Opening Statements: What the Prosecution and Defense Can and Can’t Say

Opening statements are supposed to serve as roadmaps, but they often go astray.

By , Attorney

In a typical criminal trial, after they have selected the jury, the prosecution and defense have the opportunity to give an opening statement. (For information on jury selection, see Jury Selection in Criminal Cases. To read about closing argument, see Closing Argument in Criminal Trials.)

The opening statement allows both sides to give the judge and jury an overview of the case, including what they plan to prove and how they plan to prove it (what evidence they will offer in support of their claims).

Prosecutors and defense attorneys generally have considerable latitude in what they're allowed to say in opening statement. That said, they're not allowed to "argue" (argument is saved for closing), nor are they allow to refer to inadmissible evidence or facts they don't intend to or can't prove.

Opening Statement Examples

The following are examples of opening-statement comments that courts have found improper:

  • A defense attorney said that the defendant had offered to take a polygraph test in or to prove that he was innocent. (Evidence regarding lie detectors was inadmissible.) (Simmons v. State, 208 Md. App. 677 (2012).)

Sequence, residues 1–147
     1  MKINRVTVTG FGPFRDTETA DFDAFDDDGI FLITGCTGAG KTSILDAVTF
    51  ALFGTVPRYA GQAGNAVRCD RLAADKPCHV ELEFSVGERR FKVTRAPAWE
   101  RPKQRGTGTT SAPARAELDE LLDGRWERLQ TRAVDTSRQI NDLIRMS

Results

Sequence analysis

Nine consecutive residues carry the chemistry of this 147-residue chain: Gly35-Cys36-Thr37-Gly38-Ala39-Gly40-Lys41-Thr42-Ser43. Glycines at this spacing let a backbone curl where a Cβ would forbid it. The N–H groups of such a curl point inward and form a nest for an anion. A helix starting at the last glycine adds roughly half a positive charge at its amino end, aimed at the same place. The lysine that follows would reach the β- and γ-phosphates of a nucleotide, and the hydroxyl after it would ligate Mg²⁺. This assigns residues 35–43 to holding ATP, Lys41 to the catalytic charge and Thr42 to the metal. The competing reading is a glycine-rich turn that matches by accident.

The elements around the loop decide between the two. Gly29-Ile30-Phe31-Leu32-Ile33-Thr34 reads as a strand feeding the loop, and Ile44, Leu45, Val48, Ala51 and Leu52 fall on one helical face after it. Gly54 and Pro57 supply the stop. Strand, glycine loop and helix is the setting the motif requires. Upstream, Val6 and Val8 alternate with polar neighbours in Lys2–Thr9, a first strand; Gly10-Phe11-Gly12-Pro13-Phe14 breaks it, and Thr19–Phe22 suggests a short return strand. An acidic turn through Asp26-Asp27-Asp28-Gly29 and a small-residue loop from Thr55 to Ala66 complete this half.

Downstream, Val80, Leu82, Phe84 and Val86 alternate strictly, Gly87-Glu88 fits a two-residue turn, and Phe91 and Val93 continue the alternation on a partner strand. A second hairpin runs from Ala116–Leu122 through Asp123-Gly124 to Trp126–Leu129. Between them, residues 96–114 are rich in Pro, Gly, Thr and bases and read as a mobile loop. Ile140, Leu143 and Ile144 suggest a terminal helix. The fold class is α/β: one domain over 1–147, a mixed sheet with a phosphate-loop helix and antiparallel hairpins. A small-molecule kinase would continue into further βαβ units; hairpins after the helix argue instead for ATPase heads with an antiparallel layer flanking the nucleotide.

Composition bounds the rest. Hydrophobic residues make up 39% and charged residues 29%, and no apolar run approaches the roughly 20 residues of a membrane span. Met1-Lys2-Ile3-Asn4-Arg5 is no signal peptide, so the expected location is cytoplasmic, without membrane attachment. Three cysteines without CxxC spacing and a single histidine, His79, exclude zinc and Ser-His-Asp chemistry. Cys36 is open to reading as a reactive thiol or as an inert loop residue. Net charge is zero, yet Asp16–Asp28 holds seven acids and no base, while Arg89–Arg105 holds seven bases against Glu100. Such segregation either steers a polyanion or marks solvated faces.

• A prosecutor asserted a fact that could have been proven only if an informant had been available to testify in support of it. The prosecutor knew the informant would not be testifying. (State v. Bernier, 486 A.2d 147 (Me. 1985).)
  • A defense attorney tried to argue legal principles relating to eyewitness identification. (State v. Elliott, 69 N.C. App. 89 (1984).)

On the other hand, courts frequently allow lawyers to push the boundaries of acceptable opening-statement remarks. Consider the following comments, which appellate courts validated:

  • A prosecutor described the alleged crime as a "mass execution" and its date as "one of the worst and most violent days in the history of Boston." The statements were "enthusiastic rhetoric, strong advocacy, and excusable hyperbole." (Com. v. Siny Van Tran, 460 Mass. 535 (2011).)
  • A prosecutor said, "You will learn that defendant is a drug dealer." The appellate court said this merely amounted to saying the defendant committed the crime in question. (State v. Smallwood, 230 S.W.3d 662 (Mo. Ct. App. 2007).)
  • A prosecutor commented that the defendant had escaped from a prison camp shortly before abducting the victim. Even though evidence of other crimes by a defendant aren't usually admissible, the prosecutor had a reasonable expectation that evidence of the escape would be admitted. (Ex parte Baldwin, 456 So. 2d 129 (Ala. 1984).)


If a lawyer goes too far astray in an opening statement, opposing counsel can object—if the objection is proper, the judge will cut off the lawyer and potentially admonish the jury not to consider what he or she just said. The judge will probably let the lawyer resume the opening statement, but intervene if it gets off track again.

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